Caring for your Citrus Tree

Citrus trees like a spot in full sun, but partial shade will also be just fine. Trees grown in a pot will need water regularly during the summer, maybe as much as once a day. Throughout the rest of the year, every few days will be fine. Be sure to check the moisture level in your pots every few days to determine when they need water. I recommend using a granular slow-release fertilizer to keep your trees productive. Seek out fertilizers made specifically for citrus trees. Follow the directions on the bag of fertilizer you decide to use. Minor insect/pest issues are easily solved with an organic pesticide.

Citrus Trees Growing at the Big Tex Urban Farms/Staff Photographer: Jessie Wood

A List of a Few of My Favorite Citrus Varieties:

Miho Satsuma – One of the sweetest mandarins. Easy to peel. Very productive trees. I have a tree that I have grown for over twelve years now, and it still produces good fruit. Other great Satsumas include Owari, Brown Select, and Silver Hill. All Satsumas are great quality and well worth growing.

Meyer Lemon – A large, very productive, mild-flavored lemon. These are adored as much for the fragrant blossoms as they are for the fruit. They can take more cold temperatures than an average lemon, down to at least 27 degrees for short periods of time.

Mexican Lime – These are also known as Key limes. They are small, round, and full of flavor. Nothing tastes better in a cold beer, or so I’m told! Mexican limes are usually the first citrus to ripen in Texas – usually ready in mid-August.

Washington Navel Orange – The standard navel that is sold in grocery stores everywhere. It is a top quality seedless orange. Sometimes trees tend to bear fruit every other year. N-33 is another good navel for Texas, as is Cara Cara. The latter has pink flesh! Oranges ripen in December in Texas.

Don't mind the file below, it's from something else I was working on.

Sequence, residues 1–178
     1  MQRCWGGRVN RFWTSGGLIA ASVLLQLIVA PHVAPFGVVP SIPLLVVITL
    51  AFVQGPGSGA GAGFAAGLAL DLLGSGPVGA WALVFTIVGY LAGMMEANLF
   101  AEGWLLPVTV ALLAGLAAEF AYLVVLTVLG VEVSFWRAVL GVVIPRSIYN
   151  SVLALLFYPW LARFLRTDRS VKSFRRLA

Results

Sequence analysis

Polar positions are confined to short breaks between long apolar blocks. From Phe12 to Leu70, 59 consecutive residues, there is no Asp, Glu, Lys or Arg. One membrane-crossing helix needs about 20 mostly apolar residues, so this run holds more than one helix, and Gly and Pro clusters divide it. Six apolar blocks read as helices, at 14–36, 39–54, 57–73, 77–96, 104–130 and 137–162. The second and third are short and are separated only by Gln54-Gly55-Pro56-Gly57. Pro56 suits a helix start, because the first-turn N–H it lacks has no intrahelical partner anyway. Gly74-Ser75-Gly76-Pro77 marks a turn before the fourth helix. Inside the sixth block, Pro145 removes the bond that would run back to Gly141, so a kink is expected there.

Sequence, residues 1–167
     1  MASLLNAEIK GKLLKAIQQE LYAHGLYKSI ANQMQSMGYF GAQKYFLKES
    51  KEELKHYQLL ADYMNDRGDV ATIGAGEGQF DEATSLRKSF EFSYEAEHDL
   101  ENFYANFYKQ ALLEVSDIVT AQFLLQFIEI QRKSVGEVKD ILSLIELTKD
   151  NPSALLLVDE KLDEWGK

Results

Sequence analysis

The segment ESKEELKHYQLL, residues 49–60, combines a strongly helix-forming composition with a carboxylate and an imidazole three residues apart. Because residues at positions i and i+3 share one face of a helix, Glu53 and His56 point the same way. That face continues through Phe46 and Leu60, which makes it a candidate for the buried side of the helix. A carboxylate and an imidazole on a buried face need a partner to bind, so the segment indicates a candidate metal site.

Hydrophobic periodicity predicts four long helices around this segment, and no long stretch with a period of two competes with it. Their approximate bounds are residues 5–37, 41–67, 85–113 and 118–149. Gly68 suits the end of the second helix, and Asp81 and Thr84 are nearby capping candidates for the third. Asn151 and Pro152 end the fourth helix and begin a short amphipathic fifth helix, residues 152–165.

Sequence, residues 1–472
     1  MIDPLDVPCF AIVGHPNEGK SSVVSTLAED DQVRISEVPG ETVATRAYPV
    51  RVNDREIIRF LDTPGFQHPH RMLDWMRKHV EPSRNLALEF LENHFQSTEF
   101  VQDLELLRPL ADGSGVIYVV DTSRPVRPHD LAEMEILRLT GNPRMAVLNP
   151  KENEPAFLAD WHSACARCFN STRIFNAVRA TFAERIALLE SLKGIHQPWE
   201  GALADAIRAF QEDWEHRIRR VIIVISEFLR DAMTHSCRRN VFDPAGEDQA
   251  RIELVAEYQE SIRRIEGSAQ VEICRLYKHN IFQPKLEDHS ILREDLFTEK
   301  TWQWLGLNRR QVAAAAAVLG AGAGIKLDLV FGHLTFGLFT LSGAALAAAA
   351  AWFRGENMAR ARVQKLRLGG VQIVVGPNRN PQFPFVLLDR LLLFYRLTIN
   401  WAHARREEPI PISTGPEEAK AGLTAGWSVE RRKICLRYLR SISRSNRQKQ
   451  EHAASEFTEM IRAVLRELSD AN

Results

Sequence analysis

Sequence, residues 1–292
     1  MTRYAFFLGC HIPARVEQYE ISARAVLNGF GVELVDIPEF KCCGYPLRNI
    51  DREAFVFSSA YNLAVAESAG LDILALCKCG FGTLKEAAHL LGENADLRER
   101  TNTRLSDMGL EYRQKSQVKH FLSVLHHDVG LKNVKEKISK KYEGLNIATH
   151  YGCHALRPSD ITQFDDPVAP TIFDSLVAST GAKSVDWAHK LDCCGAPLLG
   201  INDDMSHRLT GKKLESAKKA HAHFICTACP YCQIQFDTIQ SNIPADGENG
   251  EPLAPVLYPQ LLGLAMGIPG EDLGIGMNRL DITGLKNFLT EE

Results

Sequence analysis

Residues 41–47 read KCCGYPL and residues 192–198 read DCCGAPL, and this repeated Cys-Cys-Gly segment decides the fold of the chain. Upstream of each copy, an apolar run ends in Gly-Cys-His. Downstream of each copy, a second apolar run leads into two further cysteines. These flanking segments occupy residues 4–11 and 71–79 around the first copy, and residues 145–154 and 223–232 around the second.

Hamlin Round Orange – This is not a navel, but a standard round orange. They are not seedless but are delicious nontheless! If you can find it, ‘Louisiana Sweet’ is one of the very best quality oranges I have ever tasted and is a Hamlin type.

Rio Red Grapefruit – The variety of citrus that made the Texas valley a legend. In my opinion, this is the best and sweetest grapefruit you can grow. The trees are productive and sport some of the most fragrant blossoms of all citrus. Grapefruits ripen a little later than other citrus and are usually not at their peak until January. There are many varieties of grapefruits to choose from including Bloom Sweet, Golden, and Ruby Red.

A few other oddballs to consider include a sweet lemon called Ujukitsu, Tangelos, and a grapefruit relative called Pummelo. The Ujukitsu fruit tastes exactly like lemonade! I have had one for years and really enjoy the novelty of it.

Citrus trees are fun to grow. Planting them in a pot and moving them inside for winter will keep them happy. Just follow the care tips in this blog, and you will be rewarded with a great harvest of citrus year after year! Until next time, happy gardening!